Korean stamps have two completely different issuing purposes, and for this reason there are two distinct methods of marketing. Before talking of marketing, however, we must first introduce the internal currency situation in the country. At the present time, three distinct types of currency circulate: the ordinary people use ordinary Won Then there is a currency exchangeable for US$, Japanese yen, etc., printed in blue which we will call the blue won One US$ buys 1.98 blue won. In addition, there is a currency, not freely exchangeable against U S dollars, etc., which is limited in use to the purchase of foreign goods. The bills are red so we’ll call them red won [Translator: It’s not clear how one acquires such currency.]
The distribution of those stamps issued specially for collectors is the responsibility of the Korean Stamp Company, internally and abroad. The Korean Stamp Company headquarters arc located near Pyongyang’s best hotel, the Korean. It holds a comprehensive supply of philatelic goods, and its principal clientele appears to be foreign collectors and tourists; blue won are used for all purchases, at a price of twice the stamps’ face value [Translator: I presume he is referring to mint stamps.] At the same time some hotels have bookshops which sell stamps; they also require blue won. Also, in these shops, incomplete sets are sold at face value; the writer managed to put together some complete sets from such purchases.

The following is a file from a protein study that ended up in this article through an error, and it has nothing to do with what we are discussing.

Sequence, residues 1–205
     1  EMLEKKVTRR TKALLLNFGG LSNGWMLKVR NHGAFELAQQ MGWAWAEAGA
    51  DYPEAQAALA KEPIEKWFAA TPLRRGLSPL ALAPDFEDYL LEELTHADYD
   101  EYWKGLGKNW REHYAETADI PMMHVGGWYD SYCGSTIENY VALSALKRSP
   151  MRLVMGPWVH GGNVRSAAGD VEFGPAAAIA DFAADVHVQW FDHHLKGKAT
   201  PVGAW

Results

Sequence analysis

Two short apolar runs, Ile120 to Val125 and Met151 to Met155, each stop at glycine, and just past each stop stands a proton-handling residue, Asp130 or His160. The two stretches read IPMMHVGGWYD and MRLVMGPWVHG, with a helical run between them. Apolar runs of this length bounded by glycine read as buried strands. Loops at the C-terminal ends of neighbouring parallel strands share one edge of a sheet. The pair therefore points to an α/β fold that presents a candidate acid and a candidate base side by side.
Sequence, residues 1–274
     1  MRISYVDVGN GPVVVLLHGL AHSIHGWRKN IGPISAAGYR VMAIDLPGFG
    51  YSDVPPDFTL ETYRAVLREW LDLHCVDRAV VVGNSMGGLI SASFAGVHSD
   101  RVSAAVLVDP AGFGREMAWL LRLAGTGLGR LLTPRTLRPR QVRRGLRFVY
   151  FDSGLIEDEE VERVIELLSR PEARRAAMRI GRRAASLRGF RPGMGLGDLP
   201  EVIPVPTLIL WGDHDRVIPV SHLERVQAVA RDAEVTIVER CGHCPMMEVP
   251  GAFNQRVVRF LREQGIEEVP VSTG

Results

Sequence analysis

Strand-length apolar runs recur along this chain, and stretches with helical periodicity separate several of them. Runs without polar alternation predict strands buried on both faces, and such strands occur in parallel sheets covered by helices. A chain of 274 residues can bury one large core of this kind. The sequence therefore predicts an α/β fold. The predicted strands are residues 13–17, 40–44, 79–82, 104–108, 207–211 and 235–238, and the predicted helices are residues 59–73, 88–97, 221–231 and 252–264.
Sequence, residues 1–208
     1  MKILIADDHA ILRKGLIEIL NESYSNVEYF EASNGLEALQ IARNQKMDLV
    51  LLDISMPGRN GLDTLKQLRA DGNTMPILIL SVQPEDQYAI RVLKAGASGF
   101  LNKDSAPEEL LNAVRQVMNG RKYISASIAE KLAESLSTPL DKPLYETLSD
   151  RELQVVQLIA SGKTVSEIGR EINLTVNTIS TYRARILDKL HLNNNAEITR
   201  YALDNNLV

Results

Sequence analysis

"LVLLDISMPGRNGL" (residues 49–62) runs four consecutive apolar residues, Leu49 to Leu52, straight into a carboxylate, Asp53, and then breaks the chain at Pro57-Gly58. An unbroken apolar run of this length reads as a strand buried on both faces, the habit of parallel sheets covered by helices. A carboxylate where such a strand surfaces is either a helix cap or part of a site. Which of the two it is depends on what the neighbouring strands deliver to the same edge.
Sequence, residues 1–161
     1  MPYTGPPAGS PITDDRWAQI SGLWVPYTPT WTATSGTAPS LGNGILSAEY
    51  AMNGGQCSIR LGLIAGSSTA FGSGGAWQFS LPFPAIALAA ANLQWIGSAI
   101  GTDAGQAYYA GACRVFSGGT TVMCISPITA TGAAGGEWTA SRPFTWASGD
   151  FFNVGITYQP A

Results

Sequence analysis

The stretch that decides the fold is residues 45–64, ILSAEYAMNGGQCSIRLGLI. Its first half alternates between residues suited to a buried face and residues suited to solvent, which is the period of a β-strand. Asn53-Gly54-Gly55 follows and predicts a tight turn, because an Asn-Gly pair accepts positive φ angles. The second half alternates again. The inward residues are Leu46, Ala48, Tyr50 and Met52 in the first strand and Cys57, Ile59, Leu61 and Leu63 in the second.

In March, 1995, Korea carried out a major revision of the prices of stamps; the selling prices of stamps from before 1990 underwent a rather large adjustment. The item most affected was the 1985 Kim IL Sung Visits China miniature sheet. Its original price was 10 Us cents. For a long time there was no supply; now it is reckoned at US$140, a 1400 fold rise.
Stamps for postal use are distributed throughout the country by the Post Office’s stamps division for all the post offices to sell. One can use ordinary money, or red won, for purchases at face value. Not many ordinary (regular) stamps are issued in Korea; one usually encounters commemorative stamps at the post office. The postal rates are simple; an internal letter costs 10 chon, with no distinction between local or otherwise, while a registered letter costs 40 chon. In a post office one can occasionally come across 10 chon stamps from commemorative sets originally issued for collectors. The selling price of the same stamp is either 10 chon or 20 blue chon, reflecting a potential 100% difference in price. For this reason the Korean government stipulates that foreigners in the country may not use ordinary currency, but must use red won or blue won.
(Extracted from Korean Philately, February, 2001 -vol. 47, No, 1)